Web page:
Dog-friendly walk (Note: there can be lots of livestock at times)
Small parking area at Glengavel Reservoir as well as a lay-by on the B743 near the entrance to the reservoir. Public car park on Randoldcoup Road in Darvel close to end of walk. No public transport to start point. It is recommended to have a car at each end.
WALK REPORT: 15th May 2016 & 20th August 2022
I did this walk with my sister as part of the Irvine Valley Walking Festival 2016 (now renamed to Valley Walkfest). I purposely chose this one because it was one of the longer and more strenuous walks on the calendar and I was also keen to explore this part of the Irvine Valley, having only walked as far as Loudoun Hill to date.
We were a group of around 12 people of mixed ages and abilities with several walk guides showing us the way. They were very informative about the local area and what to expect on the walk, as well as being able to suggest other walks for me to do in the Irvine Valley. I thoroughly enjoyed this walk although found the section through the windfarm a little less interesting than the rest. That said, I loved the variety of different terrains and landscapes and would definitely return to any of the other sections of the walk to explore more. I look forward to attending more of these annual Walking Festivals in the years to come and I would definitely recommend it to anyone interested in walks in the Irvine Valley.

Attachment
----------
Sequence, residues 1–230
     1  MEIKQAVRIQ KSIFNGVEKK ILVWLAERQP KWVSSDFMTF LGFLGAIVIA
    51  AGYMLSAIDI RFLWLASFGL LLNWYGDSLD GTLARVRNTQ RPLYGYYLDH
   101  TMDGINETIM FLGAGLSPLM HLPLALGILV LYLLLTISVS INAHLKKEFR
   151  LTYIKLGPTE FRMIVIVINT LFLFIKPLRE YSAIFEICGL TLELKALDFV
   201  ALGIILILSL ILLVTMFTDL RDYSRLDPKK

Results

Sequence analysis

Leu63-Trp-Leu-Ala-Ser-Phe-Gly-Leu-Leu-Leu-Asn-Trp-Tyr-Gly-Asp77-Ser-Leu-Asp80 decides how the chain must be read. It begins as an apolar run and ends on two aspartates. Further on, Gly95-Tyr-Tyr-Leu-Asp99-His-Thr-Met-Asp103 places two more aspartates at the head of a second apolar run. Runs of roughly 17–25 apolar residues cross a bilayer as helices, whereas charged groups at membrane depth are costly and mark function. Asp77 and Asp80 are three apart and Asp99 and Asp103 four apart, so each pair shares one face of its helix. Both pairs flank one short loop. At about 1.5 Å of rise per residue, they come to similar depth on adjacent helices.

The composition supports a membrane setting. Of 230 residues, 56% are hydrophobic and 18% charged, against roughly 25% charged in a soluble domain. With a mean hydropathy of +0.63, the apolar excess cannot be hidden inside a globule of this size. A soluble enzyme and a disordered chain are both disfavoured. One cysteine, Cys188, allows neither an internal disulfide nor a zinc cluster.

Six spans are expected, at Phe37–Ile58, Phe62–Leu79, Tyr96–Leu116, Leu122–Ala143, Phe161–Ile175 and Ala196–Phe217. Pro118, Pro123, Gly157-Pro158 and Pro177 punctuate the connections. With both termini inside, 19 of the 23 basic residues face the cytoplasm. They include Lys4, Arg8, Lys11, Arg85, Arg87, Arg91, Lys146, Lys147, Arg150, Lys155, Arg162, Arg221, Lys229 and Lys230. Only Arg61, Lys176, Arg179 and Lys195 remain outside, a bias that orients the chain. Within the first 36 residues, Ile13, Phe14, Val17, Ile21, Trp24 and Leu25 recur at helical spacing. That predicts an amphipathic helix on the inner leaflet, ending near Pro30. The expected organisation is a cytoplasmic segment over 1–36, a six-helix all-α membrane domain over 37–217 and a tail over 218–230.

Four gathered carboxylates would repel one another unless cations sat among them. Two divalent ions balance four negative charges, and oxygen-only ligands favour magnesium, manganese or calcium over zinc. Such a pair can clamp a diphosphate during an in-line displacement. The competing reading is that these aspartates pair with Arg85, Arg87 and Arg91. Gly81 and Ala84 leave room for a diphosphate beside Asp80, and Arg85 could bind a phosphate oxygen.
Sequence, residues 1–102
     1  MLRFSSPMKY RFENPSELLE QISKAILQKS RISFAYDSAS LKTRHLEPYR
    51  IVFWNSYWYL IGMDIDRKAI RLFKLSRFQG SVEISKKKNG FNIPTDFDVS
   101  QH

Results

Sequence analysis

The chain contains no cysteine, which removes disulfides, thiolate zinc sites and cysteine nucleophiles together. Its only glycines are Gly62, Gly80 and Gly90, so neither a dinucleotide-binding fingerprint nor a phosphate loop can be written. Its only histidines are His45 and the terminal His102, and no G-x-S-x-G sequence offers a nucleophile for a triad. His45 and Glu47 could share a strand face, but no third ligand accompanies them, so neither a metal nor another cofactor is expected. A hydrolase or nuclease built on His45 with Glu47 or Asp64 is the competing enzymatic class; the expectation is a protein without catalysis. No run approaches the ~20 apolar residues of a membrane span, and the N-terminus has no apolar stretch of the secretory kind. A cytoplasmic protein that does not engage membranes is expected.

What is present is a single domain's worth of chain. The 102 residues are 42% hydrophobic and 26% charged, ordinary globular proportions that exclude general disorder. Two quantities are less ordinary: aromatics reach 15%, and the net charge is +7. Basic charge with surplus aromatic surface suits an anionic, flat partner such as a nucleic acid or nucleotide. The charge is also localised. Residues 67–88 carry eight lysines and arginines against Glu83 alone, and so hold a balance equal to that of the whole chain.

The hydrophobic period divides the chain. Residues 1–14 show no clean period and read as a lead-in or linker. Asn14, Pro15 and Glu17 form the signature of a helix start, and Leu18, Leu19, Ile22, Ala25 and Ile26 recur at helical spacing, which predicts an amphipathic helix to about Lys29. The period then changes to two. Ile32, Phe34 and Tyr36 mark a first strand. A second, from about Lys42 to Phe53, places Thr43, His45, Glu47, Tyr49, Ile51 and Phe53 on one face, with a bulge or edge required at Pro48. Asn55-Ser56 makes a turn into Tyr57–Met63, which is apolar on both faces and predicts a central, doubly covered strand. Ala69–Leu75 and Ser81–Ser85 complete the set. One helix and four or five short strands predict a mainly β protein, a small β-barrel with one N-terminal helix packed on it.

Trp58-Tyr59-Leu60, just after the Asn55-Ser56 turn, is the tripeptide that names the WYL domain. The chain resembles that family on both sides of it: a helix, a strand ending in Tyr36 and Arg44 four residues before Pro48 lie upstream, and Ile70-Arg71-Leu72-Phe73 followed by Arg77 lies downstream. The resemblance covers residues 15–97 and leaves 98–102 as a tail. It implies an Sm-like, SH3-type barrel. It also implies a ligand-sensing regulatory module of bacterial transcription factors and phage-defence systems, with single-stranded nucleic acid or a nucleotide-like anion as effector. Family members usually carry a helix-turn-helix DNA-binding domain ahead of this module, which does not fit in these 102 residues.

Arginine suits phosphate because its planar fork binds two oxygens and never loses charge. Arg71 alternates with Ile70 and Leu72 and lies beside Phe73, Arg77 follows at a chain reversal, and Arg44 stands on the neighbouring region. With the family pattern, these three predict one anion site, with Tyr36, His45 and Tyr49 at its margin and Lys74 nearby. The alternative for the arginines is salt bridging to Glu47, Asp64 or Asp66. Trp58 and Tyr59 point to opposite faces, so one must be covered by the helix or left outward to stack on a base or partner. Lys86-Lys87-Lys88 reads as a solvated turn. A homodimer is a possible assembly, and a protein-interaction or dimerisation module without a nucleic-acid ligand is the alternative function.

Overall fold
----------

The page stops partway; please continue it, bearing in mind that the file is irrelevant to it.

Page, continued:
I returned in August 2022 with a friend, following a report from someone who follows my blog that there had been some tree felling on the route. The section in question was at the top of the clearing in the forest near Glengavel Reservoir. Luckily that is at the start of the walk so I knew I wouldn’t need to go far to check it out.
It turns out that the vegetation growth between May and August is quite significant and we had some trouble finding the path from the wooden huts! It was hidden among head-high fern. I then couldn’t remember the exact route we’d taken 6 years previous to reach the turbine. It was a pathless section but not too strenuous, until we reached the top of the clearing and tried to get across to the turbine. Trees had indeed been felled and by now the ground was a mass of tussocky grass, heather and hidden tree stumps with some spiky branches blocking the way in places for good measure. We took our time and made it across, relieved to see the windfarm tracks for our onwards journey.
So some tweaks would therefore be needed to my route description. There is another clearing in the forest a short way up from the huts which misses out the area of felled trees. On checking that out, it is definitely the preferred option. Not easy mind you – there is no path through the tussocky heather – but definitely simpler to describe the route and avoids anyone having to cross the burn or fight their way through felled trees. It also shortens the route by about half a mile, since it cuts out a corner.
We saw loads of buzzards this time around, and made a pitt stop at the pond inside the windfarm where we watched dragonflies as we munched on our sandwiches. I hadn’t remembered passing through so many farmyards last time so that was a bit of a surprise, although all of the farmers we met were very friendly.
A highlight of the walk has to be the viewpoint across the Long Cairn – it appears out of nowhere amongst the farmland!
Enjoy the photos….